What would you say about the relationship between what has come to be called formal practice—intensive meditation in a retreat environment—and what has come to be called everyday life?
There are different forms for Dhamma practice. Or perhaps you can think of it like Chinese boxes—one is inside another, which is inside another. In my situation, I’m coming out of meditation into a more open form, but another formal training, which is the vinaya. The vinaya is continually steering and nudging: “Don’t go here; things are done in this way; be aware of what you’re doing now.” I’ve got that happening all the time—not just at the level of a precept, but in observance and manner. “That’s not the way to treat your bowl.” Or, “That’s not the way to talk in this context: softening the voice would have a better effect. That’s not the way to walk in; come in more gently.” And as a mendicant, I learn to let go into insecurity. These things offer a great advantage for cultivating the Dhamma.
It is more perilous for a lay meditator who is on a formal retreat and then comes out into a situation which has no training guidelines. They’ve just got to work it out themselves. They come out of a situation where the skin is being peeled off; they come out all pink and sensitive, and suddenly they’re in the circus and they have to perform. Insecurity has to be denied. So in the last decade or so, people are addressing more the issue of daily life context. Having experienced some of the uncovering that occurs on a meditation retreat, the questions become, “How do we practice in relationship? What is right livelihood?”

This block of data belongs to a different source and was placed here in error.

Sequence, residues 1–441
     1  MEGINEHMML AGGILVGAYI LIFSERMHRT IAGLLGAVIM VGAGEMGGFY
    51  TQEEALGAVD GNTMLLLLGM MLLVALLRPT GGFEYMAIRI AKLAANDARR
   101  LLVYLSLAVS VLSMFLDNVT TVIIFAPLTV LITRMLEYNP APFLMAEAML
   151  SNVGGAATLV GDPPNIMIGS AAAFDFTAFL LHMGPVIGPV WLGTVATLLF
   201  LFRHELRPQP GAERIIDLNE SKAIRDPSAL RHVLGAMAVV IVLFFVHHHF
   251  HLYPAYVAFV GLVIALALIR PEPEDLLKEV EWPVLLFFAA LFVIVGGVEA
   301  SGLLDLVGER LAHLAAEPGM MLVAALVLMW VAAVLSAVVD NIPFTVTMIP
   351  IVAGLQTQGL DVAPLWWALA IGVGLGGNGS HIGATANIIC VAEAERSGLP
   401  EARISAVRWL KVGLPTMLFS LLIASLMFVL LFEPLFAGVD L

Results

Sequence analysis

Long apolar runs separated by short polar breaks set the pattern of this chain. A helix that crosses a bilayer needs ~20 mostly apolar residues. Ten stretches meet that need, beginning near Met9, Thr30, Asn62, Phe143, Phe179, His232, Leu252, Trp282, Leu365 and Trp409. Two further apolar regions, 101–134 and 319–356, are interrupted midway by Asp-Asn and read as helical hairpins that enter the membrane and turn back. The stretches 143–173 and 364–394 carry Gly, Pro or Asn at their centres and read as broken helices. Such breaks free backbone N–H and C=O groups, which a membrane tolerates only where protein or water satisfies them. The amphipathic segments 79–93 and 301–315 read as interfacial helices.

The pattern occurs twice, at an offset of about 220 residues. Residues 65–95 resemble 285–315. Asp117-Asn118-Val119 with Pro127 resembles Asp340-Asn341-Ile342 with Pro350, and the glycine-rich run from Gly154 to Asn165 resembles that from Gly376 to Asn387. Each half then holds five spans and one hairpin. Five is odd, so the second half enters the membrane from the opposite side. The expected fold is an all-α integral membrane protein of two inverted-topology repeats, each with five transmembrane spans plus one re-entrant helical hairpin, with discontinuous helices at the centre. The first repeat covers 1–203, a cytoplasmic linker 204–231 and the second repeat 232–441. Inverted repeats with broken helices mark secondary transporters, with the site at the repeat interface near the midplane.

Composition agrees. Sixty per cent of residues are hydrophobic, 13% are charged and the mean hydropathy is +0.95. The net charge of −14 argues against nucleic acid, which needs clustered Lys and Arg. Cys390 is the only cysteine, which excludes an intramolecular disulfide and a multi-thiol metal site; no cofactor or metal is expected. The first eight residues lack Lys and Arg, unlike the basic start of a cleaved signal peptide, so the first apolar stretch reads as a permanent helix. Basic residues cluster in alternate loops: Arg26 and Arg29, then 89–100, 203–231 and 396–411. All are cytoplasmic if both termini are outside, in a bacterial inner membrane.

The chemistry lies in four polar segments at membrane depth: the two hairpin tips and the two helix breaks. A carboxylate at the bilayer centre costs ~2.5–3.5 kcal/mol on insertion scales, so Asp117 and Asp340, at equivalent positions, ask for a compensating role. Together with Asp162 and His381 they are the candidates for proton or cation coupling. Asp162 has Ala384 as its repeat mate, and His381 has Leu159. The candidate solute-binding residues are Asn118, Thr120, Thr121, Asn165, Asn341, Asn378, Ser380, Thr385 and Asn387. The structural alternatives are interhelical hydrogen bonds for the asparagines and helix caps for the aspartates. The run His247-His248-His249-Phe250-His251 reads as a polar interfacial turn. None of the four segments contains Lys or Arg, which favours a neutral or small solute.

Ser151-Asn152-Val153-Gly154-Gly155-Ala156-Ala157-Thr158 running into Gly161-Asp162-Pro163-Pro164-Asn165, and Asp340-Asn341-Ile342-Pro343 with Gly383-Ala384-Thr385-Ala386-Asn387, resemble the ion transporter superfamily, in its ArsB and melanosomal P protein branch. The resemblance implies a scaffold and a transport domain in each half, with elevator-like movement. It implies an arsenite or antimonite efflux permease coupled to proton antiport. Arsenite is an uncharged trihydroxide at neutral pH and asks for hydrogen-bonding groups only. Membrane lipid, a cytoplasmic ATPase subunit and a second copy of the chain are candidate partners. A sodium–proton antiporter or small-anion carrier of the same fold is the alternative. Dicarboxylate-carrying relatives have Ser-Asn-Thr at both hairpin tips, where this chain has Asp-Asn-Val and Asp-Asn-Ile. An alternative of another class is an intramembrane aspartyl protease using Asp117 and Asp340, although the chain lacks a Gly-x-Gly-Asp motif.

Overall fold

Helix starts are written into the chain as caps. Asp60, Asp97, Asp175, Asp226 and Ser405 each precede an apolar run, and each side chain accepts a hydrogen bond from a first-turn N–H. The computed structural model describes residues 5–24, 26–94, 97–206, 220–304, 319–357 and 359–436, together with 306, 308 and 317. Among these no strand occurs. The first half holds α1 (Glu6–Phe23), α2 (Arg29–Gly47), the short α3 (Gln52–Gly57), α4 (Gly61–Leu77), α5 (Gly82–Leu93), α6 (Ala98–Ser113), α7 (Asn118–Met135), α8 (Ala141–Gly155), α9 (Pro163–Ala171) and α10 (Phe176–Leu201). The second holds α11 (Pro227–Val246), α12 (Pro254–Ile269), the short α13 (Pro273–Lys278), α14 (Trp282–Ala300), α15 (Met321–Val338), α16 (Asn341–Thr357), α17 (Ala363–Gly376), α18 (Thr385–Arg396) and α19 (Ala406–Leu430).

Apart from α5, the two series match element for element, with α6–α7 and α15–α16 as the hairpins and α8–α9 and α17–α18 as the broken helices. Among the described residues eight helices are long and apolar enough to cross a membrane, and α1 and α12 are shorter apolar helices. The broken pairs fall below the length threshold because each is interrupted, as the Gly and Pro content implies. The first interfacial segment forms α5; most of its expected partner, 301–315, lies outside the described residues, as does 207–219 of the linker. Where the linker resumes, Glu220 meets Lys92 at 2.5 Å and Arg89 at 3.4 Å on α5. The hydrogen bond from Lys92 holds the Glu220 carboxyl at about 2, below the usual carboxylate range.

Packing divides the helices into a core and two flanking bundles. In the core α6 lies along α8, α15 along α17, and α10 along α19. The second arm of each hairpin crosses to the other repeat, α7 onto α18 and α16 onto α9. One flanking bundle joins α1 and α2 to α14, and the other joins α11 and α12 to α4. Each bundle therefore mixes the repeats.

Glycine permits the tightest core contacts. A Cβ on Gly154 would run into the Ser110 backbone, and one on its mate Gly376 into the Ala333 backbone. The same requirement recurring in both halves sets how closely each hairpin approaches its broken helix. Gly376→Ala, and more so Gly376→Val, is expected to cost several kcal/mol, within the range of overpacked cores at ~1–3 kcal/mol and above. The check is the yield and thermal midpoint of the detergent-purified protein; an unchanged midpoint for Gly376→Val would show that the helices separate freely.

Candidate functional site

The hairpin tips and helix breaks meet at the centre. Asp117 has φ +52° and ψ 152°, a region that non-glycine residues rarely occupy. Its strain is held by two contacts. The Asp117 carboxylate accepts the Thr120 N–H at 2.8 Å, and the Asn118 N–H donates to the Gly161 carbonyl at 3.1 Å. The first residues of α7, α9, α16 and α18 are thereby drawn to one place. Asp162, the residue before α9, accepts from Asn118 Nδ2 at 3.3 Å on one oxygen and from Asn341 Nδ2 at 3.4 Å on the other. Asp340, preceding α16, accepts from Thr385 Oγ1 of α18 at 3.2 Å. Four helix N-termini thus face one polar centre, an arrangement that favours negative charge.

Actually this is pretty much the way the process unfolded for the Buddha and his early followers. He taught the meditation and the Dhamma first, and then the vinaya evolved from that. You can see the same sort of things happening for the lay community here. After some practice, people begin to see, “We’ve got to have precepts. We’ve got to set standards. As teachers we have to be honorable. That has to be very clear.” So a kind of vinaya culture, more or less, starts to happen. There’s a natural interest in it.
So you see some evolution in the Western lay person’s encounter with the Dhamma?
Oh yes, there is now a much wider field of corroboration. There is inquiry into things like, “How do we have families? How do we raise children? What constitutes a lay vinaya?” It’s not just a set of precepts or a code. It’s a culture, a Buddhist culture. The culture of awakening. We have a Buddhist school now in Britain. Alms-food gets offered on the streets. There are people who’ve grown up as Buddhists and are familiar with these things.
Is it the meditation practice that is so transformative, or is it the core values of the entire Buddhist tradition?
In certain respects the culture and the meditation practice are happening on different levels, although they overlap in the personal context. To integrate the two is the major practice. The culture is carried “externally” by the society (though it doesn’t always live up to its ideals). When you’re in a social context you, are often dealing with functional requirements, language and a conventional reality, which is not set up for Awakening. And we’re often relating through the convention of personality. So establishing some sound norms for these connections is basic sanity.
With meditation, you’re getting nearer to the core. Meditation practice is intimate. It’s really taking you past the ideals and the socialization of values. In the meditation practice you get back to something primary: “I feel this. I know this.” So, it’s a place of release. It’s the place of encountering hindrances intimately, and of firing up the enlightenment factors. Aspects of Buddhist “culture”—patience, generosity, letting go, for example—really support that penetration. Then, as you calm down and get closer to a core experience, the convention of personality starts to unfold into energetic patterns—patterns that are ephemeral but kammically potent when they’re held onto. Buddhist values are a crucible; but if you just put the material in it and don’t heat it up—you won’t get the gold.